took part in numerous conversation about current and prospective White House staff and Cabinet-level appointments. The departures, through resignation or termination, of H.R. Haldeman,
John D. Ehrlichman, John W. Dean, III, L. Patrick Gray, and Richard Kleindienst created openings in the Executive Branch. The President discussed possible choices to fill these openings with his White House Counsel,
Leonard Garment, Secretary of State, William Rogers, and the White House Press Secretary, Ron Ziegler.
- Domestic Issues: A variety of Domestic Issues are discussed within these conversations. The President devoted considerable time to energy issues like the Alaskan oil
pipeline, deregulating natural gas production, leasing federal lands to energy developers, and eliminating oil import duties. The President also frequently met with his economic advisers, George P. Shultz,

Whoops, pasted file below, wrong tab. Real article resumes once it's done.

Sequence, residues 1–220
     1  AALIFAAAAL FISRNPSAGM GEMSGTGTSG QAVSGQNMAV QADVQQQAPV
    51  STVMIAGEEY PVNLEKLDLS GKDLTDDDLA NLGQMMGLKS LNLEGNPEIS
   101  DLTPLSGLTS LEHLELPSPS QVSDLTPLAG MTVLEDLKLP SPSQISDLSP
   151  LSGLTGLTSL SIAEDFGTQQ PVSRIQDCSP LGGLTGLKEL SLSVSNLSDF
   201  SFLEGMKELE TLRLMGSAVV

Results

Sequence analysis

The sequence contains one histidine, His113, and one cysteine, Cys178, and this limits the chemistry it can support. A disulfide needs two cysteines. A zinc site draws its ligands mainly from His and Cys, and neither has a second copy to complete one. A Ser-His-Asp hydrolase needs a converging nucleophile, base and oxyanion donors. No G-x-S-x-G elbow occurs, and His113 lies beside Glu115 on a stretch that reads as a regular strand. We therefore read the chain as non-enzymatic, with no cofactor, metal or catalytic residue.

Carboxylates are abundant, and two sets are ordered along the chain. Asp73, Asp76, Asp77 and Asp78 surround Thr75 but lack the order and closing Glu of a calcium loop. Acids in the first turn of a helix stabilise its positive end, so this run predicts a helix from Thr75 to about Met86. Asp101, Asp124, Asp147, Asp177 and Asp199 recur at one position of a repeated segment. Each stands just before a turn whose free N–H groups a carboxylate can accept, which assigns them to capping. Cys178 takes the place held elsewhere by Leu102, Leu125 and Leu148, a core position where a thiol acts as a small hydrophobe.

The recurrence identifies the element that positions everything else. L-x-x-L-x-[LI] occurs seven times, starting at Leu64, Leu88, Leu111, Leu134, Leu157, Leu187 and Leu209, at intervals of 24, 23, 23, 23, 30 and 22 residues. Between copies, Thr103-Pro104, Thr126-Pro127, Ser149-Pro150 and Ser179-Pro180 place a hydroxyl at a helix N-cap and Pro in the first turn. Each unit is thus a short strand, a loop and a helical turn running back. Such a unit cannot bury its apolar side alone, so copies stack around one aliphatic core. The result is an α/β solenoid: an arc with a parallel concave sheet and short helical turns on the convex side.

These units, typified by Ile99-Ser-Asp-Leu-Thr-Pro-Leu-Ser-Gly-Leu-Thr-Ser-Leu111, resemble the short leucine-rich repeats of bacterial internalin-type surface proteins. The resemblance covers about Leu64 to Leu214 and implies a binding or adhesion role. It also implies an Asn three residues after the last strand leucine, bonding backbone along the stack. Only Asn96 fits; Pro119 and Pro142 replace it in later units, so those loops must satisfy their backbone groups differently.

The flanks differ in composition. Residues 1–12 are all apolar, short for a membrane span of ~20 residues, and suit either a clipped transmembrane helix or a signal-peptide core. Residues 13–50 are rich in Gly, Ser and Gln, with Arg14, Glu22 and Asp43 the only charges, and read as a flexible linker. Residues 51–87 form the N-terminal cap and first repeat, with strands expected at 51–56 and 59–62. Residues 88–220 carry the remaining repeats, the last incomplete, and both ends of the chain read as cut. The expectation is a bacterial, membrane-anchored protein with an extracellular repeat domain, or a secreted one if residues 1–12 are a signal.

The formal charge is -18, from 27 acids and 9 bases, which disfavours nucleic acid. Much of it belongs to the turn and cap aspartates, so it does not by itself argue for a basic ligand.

Herbert Stein, Roy L. Ash, and John Connally, John T. Dunlop, and Arthur F. Burns, in order to find a consensus for the duration of the wage and price controls. Other domestic topics discussed include
campaign finance reform,unemployment insurance, retirement benefits, and pension reforms; the sale of raw materials from the national strategic stockpile; the creation of a non-partisan legal services
corporation; special revenue sharing of federal grants to state and local governments; and funding for national direct student loans.
- Trade Reform, "Most Favored Nation" Tariff Status, and the Emigratrion of Soviet Jews: In 1973 Congress considered the Trade Reform Act, which would have giver Most
Favored Nation [MFN] status to the Soviet Union. Senator Henry M. Jackson and Representative Charles A. Vanik proposed to amend the act to state that the granting of MFN status to communist nations would
be contingent upon a domestic policy of free and open emigration. The President met with members of Congress and Jewish leaders on April 18 and 19 in the midst of the ongoing preparations and planning for the